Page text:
Ocean freight rates for cargo moving under contracts on the major East-West trade routes saw a reversal of trend in 4Q 2016, according to Drewry’s Benchmarking Club, a closed user group of 50 multinational retailers and manufacturers who closely monitor their contract freight rates.
The Drewry Benchmarking Club Contract Rate Index, based on average Transpacific and Asia-Europe contract freight rate data provided confidentially by shippers, increased by 3% in the latest quarter, after having fallen for more than 6 consecutive quarters.
“2017 will be the first year of increasing contract rates since 2010 and this could come as a shock to some logistics managers who had got used to deflationary international transportation costs year after year,” said Philip Damas, head of the logistics practice of Drewry.
Drewry notes the paradox that rates will increase despite shipping over-capacity continuing to be severe in 2017. But factors such as the higher prices of fuel, the previously unsustainable level of rates and the Hanjin bankruptcy are now weighing heavily on pricing.
Some of Drewry’s BCO customers are concerned that the rapid consolidation of the ocean carrier industry – which has moved from the “top 20 global carriers” to a smaller group of “top 14 carriers” – will substantially change the bargaining power of carriers.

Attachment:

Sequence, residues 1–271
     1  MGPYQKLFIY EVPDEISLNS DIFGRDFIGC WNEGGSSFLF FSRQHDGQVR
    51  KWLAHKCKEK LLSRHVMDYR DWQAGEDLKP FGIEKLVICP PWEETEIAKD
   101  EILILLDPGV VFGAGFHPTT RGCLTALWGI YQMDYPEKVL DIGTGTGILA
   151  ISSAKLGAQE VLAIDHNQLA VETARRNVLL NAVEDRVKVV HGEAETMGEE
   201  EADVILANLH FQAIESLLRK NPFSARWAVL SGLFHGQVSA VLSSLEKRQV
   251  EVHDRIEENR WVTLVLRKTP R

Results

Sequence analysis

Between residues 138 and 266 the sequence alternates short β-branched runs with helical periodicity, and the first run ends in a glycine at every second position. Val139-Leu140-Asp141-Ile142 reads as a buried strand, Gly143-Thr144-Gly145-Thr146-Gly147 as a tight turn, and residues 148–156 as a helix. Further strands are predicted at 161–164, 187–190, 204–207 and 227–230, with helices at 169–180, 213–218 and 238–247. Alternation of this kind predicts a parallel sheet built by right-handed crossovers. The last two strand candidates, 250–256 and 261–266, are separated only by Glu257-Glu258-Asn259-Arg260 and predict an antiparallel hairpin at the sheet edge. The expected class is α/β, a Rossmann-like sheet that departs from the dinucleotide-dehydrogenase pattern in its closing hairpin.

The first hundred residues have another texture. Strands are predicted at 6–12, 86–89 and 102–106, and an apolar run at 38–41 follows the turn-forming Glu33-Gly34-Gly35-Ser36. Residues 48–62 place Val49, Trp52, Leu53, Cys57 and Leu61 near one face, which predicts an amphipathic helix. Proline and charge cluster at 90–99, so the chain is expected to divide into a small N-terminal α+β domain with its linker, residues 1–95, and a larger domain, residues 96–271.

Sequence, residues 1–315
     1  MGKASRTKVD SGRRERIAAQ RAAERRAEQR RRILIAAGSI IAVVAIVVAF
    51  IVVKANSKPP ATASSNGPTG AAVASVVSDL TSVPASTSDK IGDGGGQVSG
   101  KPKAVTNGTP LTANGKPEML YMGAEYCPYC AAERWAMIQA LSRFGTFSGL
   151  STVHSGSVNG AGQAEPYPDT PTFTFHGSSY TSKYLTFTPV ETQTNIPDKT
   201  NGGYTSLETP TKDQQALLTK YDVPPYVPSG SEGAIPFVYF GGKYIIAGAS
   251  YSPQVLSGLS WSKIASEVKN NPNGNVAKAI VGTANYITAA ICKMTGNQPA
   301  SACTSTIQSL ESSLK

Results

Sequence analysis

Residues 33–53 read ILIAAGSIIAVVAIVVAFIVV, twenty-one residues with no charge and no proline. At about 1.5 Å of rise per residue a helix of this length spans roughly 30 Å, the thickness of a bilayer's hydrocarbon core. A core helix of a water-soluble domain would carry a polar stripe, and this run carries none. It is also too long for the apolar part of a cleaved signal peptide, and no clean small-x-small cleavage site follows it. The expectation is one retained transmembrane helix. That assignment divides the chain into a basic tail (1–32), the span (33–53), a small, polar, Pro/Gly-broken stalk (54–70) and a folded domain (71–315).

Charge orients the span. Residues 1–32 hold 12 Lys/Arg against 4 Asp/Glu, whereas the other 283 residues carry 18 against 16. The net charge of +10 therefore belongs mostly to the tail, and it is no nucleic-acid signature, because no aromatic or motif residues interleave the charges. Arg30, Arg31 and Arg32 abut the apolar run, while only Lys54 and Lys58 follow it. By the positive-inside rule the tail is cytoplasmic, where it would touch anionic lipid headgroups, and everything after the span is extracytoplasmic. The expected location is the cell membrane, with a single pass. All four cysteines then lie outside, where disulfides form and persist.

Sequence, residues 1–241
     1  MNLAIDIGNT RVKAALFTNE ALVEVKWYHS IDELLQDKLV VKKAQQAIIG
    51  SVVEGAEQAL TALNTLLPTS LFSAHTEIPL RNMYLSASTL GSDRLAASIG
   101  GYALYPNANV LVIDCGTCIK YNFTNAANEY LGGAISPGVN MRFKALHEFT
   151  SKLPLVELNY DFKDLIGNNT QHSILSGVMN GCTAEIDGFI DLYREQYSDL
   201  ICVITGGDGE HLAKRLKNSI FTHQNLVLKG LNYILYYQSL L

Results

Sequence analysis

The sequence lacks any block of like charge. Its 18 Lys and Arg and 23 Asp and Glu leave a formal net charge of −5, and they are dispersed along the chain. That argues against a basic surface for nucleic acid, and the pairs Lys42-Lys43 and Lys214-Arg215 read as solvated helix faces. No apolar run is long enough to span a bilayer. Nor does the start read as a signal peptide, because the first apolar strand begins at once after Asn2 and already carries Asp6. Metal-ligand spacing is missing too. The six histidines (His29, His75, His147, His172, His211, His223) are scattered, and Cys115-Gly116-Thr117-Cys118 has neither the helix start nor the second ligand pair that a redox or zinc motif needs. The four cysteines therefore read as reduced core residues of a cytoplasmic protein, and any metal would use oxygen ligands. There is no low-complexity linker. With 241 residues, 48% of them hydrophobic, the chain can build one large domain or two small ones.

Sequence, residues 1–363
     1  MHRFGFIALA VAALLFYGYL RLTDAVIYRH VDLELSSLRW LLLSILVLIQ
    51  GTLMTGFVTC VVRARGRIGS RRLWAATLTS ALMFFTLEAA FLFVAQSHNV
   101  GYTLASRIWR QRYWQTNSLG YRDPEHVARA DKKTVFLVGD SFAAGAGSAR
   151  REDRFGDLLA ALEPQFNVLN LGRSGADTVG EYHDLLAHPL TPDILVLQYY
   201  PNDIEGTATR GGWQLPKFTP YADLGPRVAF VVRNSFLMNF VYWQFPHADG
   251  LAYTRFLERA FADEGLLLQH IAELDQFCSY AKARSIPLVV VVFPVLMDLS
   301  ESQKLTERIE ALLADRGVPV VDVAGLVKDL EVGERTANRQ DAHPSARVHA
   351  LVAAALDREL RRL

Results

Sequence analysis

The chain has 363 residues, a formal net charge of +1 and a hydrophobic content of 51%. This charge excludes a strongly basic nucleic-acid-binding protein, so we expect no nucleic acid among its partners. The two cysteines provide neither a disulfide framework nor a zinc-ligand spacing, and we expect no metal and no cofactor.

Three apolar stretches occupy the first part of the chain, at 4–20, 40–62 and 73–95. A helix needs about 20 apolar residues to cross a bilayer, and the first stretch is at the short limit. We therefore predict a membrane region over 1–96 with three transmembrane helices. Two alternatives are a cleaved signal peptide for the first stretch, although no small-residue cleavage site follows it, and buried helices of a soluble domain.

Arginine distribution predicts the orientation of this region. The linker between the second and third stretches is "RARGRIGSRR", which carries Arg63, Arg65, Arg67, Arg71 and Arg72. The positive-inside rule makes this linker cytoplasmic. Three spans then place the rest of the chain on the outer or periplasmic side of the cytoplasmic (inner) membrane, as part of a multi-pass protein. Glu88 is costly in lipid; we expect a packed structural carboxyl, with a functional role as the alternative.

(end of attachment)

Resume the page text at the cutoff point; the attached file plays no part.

However, Drewry’s e-Sourcing Ocean Freight SolutionTM and benchmarking tools have enabled exporters and importers to mitigate increasing ocean transportation costs and carrier financial risks.
Many European importers have received annual carrier bids for contracts effective from January, with higher fixed rates than in 2016.
“We expect that ocean contract negotiations in the next few months – including the transpacific ones in March-April – will be tougher for shippers and also more complex, so exporters and importers need to be equipped with the best data, sourcing technology, practices and market insight,” Damas said. Some of the challenges for exporters and importers will include increased carrier instability, the uncertainty of future alliance services and the impact of big ships on port performance, to name a few.